Imagine that I live and work in Massachusetts. I am being laid off by the end of the year. I already have a new job but it won't start until a few months after the end of my current employment. I know that collecting unemployment benefits requires me to be "able, available, and actively seeking work" (see here). Does this mean that I am no longer eligible for unemployment insurance benefits?
Actively looking for work (3 work search attempts made on 3 separate days)
New Jersey, where I twice applied for and received unemployment benefits, has an almost exactly similar rule. I can tell you that in NJ, an applicant must be able to provide the names and addresses or telephone numbers (or other contact info, such as email addresses) of at least three potential employers who s/he approached in some way each and every week that s/he claim benefits, even after the applicant had already has a contingent offer of employment with a start date. If the applicant does not certify three attempts to look for work on the weekly application, no benefits are authorized that week. If the applicant does certify but cannot provide the names on request, that is considered a false application, and incurs a penalty, over and above denial of benefits.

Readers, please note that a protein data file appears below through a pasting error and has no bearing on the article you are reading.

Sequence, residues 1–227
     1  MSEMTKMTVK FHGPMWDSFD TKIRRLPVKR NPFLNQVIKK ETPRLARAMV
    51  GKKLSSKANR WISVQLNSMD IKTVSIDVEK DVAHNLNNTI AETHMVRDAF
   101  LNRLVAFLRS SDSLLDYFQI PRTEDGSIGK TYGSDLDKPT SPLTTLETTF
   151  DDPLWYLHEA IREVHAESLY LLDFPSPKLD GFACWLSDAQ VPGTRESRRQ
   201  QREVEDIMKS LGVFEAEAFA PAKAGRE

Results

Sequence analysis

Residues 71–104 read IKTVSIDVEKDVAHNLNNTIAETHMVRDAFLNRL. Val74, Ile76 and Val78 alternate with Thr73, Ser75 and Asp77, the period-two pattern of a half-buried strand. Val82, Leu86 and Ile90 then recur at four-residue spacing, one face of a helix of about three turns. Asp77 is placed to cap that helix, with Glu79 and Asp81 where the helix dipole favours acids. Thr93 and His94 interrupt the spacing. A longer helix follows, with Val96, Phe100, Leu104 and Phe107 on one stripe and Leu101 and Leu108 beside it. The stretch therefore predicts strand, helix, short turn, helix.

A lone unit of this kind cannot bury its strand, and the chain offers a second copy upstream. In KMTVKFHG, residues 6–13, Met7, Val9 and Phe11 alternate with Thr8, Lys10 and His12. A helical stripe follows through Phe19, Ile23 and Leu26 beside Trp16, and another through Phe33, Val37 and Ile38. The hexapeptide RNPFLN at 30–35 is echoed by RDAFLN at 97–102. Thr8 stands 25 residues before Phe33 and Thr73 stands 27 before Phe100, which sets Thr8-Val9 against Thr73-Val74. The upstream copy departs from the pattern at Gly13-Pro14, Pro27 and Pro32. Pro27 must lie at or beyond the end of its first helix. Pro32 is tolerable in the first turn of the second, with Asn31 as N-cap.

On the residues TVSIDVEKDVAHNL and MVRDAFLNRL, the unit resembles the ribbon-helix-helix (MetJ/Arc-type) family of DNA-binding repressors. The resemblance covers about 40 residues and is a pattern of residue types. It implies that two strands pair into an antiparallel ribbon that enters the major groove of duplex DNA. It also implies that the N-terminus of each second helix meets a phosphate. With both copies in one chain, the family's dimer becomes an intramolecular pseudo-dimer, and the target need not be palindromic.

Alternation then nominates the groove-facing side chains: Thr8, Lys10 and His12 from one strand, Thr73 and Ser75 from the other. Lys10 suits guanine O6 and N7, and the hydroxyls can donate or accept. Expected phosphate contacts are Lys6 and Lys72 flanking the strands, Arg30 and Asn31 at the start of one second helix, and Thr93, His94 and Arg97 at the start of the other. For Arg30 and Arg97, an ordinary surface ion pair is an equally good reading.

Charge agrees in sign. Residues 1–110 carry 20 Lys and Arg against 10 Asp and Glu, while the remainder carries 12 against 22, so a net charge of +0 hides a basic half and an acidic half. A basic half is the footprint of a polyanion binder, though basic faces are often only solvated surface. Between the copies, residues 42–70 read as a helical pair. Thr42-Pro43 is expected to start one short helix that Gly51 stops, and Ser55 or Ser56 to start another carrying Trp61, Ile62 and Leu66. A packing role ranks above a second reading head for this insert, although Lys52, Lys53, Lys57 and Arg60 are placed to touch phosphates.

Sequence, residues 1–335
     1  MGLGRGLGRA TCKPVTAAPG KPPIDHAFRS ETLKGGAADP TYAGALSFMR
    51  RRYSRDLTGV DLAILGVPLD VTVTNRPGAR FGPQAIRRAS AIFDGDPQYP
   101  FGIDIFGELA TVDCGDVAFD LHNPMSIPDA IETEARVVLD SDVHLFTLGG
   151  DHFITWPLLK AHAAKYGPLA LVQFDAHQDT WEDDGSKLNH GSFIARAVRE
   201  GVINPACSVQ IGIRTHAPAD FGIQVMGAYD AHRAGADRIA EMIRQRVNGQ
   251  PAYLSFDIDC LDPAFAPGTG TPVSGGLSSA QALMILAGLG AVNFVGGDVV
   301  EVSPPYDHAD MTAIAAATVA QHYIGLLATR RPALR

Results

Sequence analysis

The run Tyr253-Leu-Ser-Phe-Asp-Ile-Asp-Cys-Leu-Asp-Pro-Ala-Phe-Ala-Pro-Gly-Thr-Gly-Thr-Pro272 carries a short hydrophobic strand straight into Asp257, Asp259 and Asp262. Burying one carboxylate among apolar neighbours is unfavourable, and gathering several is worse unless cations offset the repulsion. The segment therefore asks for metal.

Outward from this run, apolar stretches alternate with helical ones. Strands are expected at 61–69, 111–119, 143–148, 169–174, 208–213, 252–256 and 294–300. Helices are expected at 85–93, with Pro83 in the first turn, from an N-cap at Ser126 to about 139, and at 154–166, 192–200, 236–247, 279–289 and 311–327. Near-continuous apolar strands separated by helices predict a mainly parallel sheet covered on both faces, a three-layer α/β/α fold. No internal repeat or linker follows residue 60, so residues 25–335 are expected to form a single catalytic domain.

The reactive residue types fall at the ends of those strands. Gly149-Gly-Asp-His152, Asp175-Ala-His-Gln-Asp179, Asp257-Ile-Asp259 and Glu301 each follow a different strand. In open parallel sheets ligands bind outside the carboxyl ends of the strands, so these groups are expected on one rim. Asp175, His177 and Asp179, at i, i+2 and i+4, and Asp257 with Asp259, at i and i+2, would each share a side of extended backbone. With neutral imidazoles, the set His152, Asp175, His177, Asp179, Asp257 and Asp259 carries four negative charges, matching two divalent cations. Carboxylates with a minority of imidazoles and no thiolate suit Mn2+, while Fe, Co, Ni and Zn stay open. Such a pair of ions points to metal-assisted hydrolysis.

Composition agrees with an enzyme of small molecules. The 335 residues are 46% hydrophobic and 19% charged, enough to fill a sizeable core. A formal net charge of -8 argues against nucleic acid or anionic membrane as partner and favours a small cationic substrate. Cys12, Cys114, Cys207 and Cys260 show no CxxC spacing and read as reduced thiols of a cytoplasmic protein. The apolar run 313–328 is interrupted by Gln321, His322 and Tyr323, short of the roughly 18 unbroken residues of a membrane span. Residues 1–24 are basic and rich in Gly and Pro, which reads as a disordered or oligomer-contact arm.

An "approach" can include sending out a resume, answering an ad, going to a job fair, or telephoning a possible employer, or other methods of contact. It is a good idea to maintain a log of all your contacts, because if the state decides to review your case (which they can do for any of several reasons) they may ask you to provide your contacts for any or all of the weeks you claimed benefits.
Generally, most unemployment benefits programs require you to be actively seeking work. If you aren't planning on continuing your job search, then no, you would not be eligible. For MA it appears to be a two step process, applying for unemployment benefits and then requesting weekly payments. While you may be eligible to apply, you would then fail the weekly request because you did not seek employment. See the state's relevant website here.